Postprandial effects of cholecystokinin are mediated by brainstem PrRP neurons

Amy Worth, Garron Dodd, Nicolas Nunn, Simon Luckman

Research output: Contribution to conferencePoster


Cholecystokinin (CCK) is a gut-hormone, released from the I-cells of the small intestine, with an overarching role in postprandial metabolism. It induces satiation, regulates gastric motility and restrains potentially dangerous excursions in plasma glucose following the ingestion of a meal. CCK acts in a paracrine fashion by binding to CCK1 receptors on sensory vagal afferents, which in turn activate circuits in the brainstem dorsal vagal complex. Our lab has shown previously that central prolactin-releasing peptide (PrRP) regulates food intake and mediates CCK-induced satiety1-3. Furthermore, we have also found that central PrRP reduces gastric motility and plasma glucose, suggesting that it may have an all-encompassing role in mediating the actions of CCK. PrRP is expressed in three discrete areas in the brain: the nucleus of the solitary tract (NTS) and the ventrolateral medulla (VLM) in the brainstem; and dorsomedial nucleus of the hypothalamus (DMN). Using the Cre/loxP system, we genetically dissected the hypothalamic and brainstem neurocircuits by creating a murine knock out of PrRP where expression is selectively rescued in the brainstem alone. The knockout of PrRP (LSL-PrRP) was generated by inserting a loxSTOPlox codon between the PrRP promoter and coding sequence in mice. Immunohistochemistry confirmed the lack of PrRP expression in the brainstem and the hypothalamus. On normal chow, LSL-PrRP mice are significantly heavier than wild-type littermates by 12 weeks of age, and are particularly susceptible to diet-induced obesity, similar to PrRP-/- mice4. Intraperitoneal injection of CCK (10 mg kg-1) significantly decreased food intake in wild-type littermates under nocturnal feeding conditions. In contrast, CCK did not reduce food intake in LSL-PrRP animals. Unlike those in the DMN, PrRP neurons in the brainstem are noradrenergic and express tyrosine hydroxylase (TH). Expression of PrRP in the brainstem, but not the hypothalamus, was rescued by crossing LSL-PrRP mice with TH-Cre mice. This was confirmed by immunohistochemistry. Wild-type and TH-Cre x LSL-PrRP mice respond to intraperitoneal CCK, with a significant reduction in food intake under nocturnal feeding conditions. In contrast, CCK did not reduce food intake in their LSL-PrRP littermates. Therefore, rescue of PrRP in the brainstem alone protects against obesity and restores anorectic responses to CCK. We hypothesize that PrRP acts through its endogenous receptor, GPR10 to affect CCK-induced reductions in gastric motility and plasma glucose. Intracerebroventricular administration of PrRP suppresses the glucose excursion, following an oral glucose load, in wild-type but not GPR10-/- mice. Exogenous PrRP also decreases the rate of gastric emptying, an effect which is blocked with co-administration of a GPR10 receptor antagonist. Thus, PrRP is important in mediating the effects of CCK on inhibiting gastric emptying and food intake, and, may have indirect effects on glucose tolerance. This makes PrRP/GPR10 signaling an attractive anti-obesity candidate that warrants more attention in the understanding of the neural circuitry implicated energy balance. 1. Lawrence, C.B., Celsi, F., Brennand, J. & Luckman, S.M. Alternative role for prolactin-releasing peptide in the regulation of food intake. Nature neuroscience 3, 645-646 (2000). 2. Lawrence, C.B., Ellacott, K.L.J. & Luckman, S.M. PRL-releasing peptide reduces food intake and may mediate satiety signaling. Endocrinology 143, 360-367 (2002). 3. Bechtold, D.a. & Luckman, S.M. Prolactin-releasing Peptide mediates cholecystokinin-induced satiety in mice. Endocrinology 147, 4723-4729 (2006). 4. Takayanagi, Y., et al. Endogenous prolactin-releasing peptide regulates food intake in rodents. The Journal of clinical investigation 118, 4014-4024 (2008).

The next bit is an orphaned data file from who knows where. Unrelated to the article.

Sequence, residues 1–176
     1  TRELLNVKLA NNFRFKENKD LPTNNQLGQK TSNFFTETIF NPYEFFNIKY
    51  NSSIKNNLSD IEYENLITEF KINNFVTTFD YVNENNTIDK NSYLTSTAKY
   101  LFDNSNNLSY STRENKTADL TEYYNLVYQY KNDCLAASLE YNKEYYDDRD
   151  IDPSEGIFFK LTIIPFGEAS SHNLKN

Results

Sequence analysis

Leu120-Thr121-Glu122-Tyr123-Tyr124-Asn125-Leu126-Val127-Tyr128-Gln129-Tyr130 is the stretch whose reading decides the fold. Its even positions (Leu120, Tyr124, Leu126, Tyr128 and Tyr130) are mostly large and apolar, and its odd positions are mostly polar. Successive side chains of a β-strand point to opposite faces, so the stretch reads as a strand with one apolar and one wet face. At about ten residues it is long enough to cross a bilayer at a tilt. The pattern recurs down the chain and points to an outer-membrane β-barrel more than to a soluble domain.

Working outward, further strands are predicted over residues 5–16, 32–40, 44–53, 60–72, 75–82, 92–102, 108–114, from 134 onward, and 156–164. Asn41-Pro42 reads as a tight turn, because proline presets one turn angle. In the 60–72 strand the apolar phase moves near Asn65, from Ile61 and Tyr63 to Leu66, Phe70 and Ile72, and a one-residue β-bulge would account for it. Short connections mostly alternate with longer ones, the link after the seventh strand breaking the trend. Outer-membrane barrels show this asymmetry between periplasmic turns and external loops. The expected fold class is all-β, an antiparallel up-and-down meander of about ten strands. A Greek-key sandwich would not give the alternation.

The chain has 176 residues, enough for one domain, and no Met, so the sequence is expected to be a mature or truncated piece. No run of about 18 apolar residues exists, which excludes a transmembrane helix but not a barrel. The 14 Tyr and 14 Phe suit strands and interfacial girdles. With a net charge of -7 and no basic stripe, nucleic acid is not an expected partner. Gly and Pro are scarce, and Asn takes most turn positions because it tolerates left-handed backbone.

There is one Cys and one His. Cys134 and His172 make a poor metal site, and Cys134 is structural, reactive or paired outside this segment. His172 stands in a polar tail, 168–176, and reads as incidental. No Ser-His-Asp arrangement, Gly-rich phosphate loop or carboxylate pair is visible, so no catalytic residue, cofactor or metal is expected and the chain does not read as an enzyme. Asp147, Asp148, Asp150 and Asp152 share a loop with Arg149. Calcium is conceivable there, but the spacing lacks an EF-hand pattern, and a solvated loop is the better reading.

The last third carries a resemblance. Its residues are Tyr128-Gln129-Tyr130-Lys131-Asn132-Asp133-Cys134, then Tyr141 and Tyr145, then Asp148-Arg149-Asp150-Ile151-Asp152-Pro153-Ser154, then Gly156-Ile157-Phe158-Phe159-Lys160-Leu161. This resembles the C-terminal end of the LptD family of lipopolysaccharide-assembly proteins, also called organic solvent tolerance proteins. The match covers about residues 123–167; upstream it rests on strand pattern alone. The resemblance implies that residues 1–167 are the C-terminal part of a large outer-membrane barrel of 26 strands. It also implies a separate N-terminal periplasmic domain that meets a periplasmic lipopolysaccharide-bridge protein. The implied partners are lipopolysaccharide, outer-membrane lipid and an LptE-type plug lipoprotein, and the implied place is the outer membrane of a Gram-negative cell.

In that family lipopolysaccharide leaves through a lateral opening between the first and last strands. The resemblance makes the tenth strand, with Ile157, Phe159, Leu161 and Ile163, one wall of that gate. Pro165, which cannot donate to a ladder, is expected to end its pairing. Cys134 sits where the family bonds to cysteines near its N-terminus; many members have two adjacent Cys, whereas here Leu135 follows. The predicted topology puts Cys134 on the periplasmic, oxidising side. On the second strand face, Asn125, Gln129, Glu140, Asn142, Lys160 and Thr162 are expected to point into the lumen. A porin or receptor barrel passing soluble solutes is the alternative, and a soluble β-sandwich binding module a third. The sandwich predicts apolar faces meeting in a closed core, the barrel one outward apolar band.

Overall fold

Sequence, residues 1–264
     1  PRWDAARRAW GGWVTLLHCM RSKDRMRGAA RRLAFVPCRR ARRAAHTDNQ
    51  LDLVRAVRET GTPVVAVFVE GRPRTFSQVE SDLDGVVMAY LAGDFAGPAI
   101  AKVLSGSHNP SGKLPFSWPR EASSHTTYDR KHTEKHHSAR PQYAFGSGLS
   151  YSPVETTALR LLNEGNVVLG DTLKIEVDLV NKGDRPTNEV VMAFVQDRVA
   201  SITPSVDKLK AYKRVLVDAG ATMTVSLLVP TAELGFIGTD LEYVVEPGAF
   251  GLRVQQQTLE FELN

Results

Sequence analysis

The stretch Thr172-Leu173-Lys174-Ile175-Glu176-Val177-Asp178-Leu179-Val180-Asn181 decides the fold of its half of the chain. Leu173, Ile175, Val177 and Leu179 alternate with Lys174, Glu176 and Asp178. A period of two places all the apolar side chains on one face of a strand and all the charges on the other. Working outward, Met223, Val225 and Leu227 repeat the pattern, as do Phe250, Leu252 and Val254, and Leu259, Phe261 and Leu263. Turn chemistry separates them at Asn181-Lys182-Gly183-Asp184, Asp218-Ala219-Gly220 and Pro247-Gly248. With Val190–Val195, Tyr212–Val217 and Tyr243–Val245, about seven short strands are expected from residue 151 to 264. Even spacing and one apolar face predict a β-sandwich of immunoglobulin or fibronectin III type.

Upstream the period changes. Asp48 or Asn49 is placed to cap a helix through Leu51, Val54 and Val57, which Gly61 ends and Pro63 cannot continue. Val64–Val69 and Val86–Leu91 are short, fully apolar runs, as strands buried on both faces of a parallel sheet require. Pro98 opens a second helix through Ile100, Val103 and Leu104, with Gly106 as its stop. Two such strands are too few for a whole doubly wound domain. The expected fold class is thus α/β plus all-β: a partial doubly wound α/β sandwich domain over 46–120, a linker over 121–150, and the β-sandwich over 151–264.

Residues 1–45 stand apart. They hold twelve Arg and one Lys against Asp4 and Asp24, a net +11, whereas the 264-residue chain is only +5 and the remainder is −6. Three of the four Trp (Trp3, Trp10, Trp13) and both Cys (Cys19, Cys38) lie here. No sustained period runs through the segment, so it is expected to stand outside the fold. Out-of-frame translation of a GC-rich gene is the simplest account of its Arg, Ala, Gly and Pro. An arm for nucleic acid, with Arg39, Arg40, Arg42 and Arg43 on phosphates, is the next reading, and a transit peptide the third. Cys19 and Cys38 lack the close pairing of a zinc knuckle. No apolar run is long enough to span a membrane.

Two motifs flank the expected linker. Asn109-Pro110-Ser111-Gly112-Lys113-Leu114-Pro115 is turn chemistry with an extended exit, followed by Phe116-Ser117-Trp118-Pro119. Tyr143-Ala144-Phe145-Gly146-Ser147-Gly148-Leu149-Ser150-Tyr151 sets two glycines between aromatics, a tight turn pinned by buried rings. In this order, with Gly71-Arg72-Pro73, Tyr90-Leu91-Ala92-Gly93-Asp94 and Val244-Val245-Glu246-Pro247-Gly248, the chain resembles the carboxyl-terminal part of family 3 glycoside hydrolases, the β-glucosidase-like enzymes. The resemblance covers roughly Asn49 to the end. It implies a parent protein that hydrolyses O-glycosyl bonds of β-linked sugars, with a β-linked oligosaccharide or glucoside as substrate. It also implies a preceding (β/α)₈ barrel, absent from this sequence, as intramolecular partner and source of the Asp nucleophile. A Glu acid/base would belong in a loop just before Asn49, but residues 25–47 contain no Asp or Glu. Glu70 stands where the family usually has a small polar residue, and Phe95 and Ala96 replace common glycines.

Original languageEnglish
Publication statusPublished - 14 Apr 2013
EventProgramming Obesity: Central and Peripheral Contributors - University of Cambridge, Cambridge, United Kingdom
Duration: 14 Apr 201316 Apr 2013


ConferenceProgramming Obesity: Central and Peripheral Contributors
Country/TerritoryUnited Kingdom


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